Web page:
DUMBO’s historic Tobacco Warehouse will become a playhouse under a new deal that will keep a beloved avante-garde venue on Water Street by allowing private development on parkland.
St. Ann’s Warehouse will build its new home inside the landmarked shell of a Civil War-era building that had been a federally protected park until 2010, when the city controversially redrew zoning maps in an attempt to remove it from the National Parks Service’s control — a move that resulted in a lawsuit by opponents.
But the new plan exchanges the lost parkland at the Tobacco Warehouse with more than an acre of city-owned asphalt under the Manhattan Bridge.
Mayor Bloomberg said the agreement — which paves the way for a new $15-million performance venue and 38,000-square feet of green space beneath the bridge — will allow the Civil War-era building to be preserved and reused for the community’s benefit.
“Brooklyn Bridge Park has quickly become woven into the fabric of the neighborhood and this expansion will make it an even more invaluable community resource,” he said.
For the deal to be finalized, state legislators must pass a law permitting the development of the Tobacco Warehouse and the adjoining Empire Stores — an historic warehouse built between Old Dock Street and Main Street in 1885 that is slated to be converted into a retail and commercial facility.
Brooklyn Bridge Park planners hope transforming Empire Stores into a Chelsea Market-style shopping center will help fund the green space — but that won’t happen until the National Parks Service signs off the plan.
Critics have long complained that handing over the Tobacco Warehouse to a private theater company would be an encroachment on public space — going so far as to file suit in 2010 alleging that the city illegally rezoned the Water Street site and awarded it to the world-renowned theater with the state’s backing.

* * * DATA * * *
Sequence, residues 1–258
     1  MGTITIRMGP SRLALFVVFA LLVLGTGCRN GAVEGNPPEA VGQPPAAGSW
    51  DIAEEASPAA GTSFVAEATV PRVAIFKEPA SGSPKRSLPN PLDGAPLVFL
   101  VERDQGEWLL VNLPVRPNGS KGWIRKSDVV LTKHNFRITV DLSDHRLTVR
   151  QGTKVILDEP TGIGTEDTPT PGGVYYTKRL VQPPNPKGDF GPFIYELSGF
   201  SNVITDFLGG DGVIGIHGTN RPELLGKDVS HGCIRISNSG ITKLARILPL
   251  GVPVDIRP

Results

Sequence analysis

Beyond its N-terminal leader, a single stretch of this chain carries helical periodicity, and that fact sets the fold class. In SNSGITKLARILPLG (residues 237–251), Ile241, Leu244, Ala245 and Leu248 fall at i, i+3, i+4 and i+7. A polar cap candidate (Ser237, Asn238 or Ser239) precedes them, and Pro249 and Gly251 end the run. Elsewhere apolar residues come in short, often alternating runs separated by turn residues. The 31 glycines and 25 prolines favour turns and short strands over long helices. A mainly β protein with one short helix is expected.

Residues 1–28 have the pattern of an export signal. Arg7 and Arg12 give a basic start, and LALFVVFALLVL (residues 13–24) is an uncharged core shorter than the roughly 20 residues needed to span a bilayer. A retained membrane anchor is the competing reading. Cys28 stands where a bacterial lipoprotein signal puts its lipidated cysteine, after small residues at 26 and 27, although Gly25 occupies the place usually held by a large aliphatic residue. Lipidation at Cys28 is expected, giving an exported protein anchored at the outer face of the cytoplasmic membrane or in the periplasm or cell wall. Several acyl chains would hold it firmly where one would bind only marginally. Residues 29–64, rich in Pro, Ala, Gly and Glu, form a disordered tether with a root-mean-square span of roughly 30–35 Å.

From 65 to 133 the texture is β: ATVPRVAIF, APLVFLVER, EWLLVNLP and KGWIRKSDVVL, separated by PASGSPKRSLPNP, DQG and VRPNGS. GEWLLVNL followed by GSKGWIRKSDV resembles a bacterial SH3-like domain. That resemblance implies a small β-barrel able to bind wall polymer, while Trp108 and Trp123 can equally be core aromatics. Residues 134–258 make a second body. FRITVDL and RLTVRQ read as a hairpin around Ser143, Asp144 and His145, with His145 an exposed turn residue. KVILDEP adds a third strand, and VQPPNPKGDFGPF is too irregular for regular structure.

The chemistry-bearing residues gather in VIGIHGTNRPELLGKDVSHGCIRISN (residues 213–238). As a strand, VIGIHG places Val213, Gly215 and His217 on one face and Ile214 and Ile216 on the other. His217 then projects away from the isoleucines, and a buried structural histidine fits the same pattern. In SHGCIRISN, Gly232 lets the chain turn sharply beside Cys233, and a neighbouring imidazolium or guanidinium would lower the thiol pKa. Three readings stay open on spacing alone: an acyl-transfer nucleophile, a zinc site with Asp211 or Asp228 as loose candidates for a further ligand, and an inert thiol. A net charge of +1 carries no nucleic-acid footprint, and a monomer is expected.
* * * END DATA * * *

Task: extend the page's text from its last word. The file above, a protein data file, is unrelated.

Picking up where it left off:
“It’s atrocious that there is a settlement — it’s a giveaway of the only real parkland for private development,” said the DUMBO Neighborhood Alliance’s Doreen Gallo. “It’s a transparent land grab and it’s a bad deal — they didn’t get anything for it. They gave away sacred historic sites.”
But other opponents say they have come to accept the new agreement.
“At the end of the day, everyone came together and agreed on the importance of process. All of the state and federal legal protections for parks and historic sites will be respected,” said Peg Breen, president of the New York Landmarks Conservancy. “All appropriate public process will be followed.”
St. Ann’s will renovate the Tobacco Warehouse, constructing an enclosed theater inside the aging brick walls after the state approves the plan — which seems likely since state Sen. Dan Squadron (D–DUMBO) and Assemblywoman Joan Millman (D–Brooklyn Heights), who initially opposed the warehouse plan, now support the deal.
“This agreement is another sign that the community’s role is critical as we shape open space,” he said.
The theater company will move into a temporary headquarters at 29 Jay St. for the next three years and will lease the Tobacco Warehouse from the city once it is up to code.
“We are heartened by this agreement and hope that our dream for a new home at the Tobacco Warehouse will be realized,” said Joseph Steinberg, chairman of the St. Ann’s Warehouse board of directors.
Reach reporter Aaron Short at firstname.lastname@example.org or by calling (718) 260-2547.